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In telephony, the term off-hook has the following meanings:

  1. The condition that exists when a telephone or other user instrument is in use, i.e., during dialing or communicating.
  2. One of two possible signaling states, such as tone or no tone and ground connection versus battery connection. Note that if off-hook pertains to one state, on-hook pertains to the other.
  3. The active state (i.e., a closed loop (short circuit between the wires) of a subscriber line or PBX user loop)
  4. An operating state of a communications link in which data transmission is enabled either for (a) voice or data communications or (b) network signaling.[1][2]

On an ordinary two-wire telephone line, off-hook status is communicated to the telephone exchange by a resistance short across the pair. When an off-hook condition persists without dialing, for example because the handset has fallen off or the cable has been flooded, it is treated as a permanent loop or permanent signal.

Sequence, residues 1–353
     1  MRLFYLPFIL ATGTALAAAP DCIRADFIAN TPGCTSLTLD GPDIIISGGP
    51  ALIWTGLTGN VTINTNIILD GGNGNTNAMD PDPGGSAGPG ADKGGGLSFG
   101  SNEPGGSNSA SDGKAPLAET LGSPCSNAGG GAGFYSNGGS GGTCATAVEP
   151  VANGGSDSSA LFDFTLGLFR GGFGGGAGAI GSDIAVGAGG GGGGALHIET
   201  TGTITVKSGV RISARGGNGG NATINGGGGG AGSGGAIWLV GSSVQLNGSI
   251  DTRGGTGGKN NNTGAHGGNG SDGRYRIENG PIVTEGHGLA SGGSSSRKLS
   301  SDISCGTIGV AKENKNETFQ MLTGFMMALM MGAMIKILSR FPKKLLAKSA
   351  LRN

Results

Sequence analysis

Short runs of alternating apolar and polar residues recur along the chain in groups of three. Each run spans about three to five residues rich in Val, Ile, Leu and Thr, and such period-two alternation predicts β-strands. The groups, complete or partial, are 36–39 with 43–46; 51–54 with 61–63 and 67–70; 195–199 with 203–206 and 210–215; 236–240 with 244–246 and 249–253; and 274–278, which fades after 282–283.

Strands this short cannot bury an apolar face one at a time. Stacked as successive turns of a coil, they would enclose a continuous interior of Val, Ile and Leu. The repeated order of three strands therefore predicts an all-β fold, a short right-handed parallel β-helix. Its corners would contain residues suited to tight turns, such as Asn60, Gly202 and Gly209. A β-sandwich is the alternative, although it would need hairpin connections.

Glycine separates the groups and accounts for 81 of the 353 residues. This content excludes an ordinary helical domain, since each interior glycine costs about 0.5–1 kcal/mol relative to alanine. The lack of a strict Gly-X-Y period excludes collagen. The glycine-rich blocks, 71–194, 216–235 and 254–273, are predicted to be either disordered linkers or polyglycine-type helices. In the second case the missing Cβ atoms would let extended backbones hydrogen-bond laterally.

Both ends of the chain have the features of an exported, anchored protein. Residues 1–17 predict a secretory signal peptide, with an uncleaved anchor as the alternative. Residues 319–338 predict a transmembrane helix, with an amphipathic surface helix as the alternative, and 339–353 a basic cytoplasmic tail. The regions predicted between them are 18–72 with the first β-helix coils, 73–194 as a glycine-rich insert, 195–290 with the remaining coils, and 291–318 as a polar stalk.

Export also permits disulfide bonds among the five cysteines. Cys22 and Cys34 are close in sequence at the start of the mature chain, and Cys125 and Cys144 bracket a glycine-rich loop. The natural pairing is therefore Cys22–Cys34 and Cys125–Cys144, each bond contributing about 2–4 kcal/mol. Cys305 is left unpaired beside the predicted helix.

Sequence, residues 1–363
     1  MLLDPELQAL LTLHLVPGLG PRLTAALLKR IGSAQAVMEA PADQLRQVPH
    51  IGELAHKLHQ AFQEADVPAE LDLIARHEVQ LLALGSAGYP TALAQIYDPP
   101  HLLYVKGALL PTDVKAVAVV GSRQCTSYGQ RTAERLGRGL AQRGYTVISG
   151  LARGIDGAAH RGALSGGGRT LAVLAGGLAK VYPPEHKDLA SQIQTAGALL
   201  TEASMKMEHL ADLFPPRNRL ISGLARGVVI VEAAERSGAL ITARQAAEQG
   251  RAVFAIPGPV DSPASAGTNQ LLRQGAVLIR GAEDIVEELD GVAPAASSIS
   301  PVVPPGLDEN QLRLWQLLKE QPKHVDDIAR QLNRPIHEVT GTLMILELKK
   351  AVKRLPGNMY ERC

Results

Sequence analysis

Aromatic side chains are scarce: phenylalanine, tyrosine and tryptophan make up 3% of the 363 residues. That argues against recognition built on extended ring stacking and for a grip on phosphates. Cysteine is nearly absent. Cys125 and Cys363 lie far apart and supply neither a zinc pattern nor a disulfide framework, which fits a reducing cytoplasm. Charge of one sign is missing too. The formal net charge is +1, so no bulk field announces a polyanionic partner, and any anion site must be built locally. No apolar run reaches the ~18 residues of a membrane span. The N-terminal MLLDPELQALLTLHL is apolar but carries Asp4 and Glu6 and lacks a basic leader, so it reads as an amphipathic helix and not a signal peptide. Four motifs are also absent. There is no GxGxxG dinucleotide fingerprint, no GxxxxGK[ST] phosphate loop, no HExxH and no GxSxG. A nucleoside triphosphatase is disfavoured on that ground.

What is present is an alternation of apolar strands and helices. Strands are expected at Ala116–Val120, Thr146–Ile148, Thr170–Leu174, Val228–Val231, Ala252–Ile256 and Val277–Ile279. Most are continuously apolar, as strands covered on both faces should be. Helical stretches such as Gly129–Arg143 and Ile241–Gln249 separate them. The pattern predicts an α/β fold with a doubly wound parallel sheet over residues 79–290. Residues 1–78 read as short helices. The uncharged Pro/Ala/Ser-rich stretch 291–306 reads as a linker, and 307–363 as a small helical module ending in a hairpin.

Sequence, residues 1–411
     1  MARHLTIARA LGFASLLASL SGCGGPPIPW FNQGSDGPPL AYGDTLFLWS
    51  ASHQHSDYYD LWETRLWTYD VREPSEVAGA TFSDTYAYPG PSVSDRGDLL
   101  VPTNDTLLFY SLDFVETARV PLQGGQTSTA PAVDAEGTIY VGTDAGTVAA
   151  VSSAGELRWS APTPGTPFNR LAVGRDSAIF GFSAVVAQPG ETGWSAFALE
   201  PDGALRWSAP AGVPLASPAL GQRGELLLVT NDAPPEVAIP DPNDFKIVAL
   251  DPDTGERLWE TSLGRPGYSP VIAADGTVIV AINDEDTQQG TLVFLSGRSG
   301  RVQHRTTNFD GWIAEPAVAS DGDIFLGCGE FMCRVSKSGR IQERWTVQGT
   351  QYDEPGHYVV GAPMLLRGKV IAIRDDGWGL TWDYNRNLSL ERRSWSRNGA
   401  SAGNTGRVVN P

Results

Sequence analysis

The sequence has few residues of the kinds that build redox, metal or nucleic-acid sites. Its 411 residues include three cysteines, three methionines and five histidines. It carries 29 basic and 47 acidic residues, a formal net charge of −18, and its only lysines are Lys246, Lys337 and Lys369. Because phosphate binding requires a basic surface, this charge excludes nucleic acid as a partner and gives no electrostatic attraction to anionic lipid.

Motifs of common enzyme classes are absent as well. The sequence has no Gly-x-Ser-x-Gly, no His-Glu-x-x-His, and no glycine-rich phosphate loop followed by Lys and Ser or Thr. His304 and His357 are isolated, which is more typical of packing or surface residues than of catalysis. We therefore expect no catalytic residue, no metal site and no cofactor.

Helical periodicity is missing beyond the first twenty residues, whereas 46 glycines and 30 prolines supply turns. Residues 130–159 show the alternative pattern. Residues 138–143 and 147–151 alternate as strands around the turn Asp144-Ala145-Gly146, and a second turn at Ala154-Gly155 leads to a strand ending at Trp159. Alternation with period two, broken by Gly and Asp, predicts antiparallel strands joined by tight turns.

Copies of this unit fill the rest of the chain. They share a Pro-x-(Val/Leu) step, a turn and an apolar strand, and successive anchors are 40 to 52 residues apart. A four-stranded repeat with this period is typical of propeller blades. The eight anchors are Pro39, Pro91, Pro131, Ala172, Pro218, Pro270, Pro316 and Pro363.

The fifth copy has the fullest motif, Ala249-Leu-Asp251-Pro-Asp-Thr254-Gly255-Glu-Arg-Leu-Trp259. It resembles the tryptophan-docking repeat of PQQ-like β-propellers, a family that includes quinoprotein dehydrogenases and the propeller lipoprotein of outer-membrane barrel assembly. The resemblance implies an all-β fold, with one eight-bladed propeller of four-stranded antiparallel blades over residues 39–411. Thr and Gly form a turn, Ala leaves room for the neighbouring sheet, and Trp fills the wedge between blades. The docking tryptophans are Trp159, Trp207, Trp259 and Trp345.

The act of going off-hook is also referred to as seizing the line or channel.


Off-hook originally referred to the condition that prevailed when telephones had a separate earpiece (i.e., receiver), which hung from its switchhook until the user wished to activate it. The weight of the receiver no longer depresses the spring-loaded switchhook, thereby connecting the instrument to the telephone line.

See also[edit]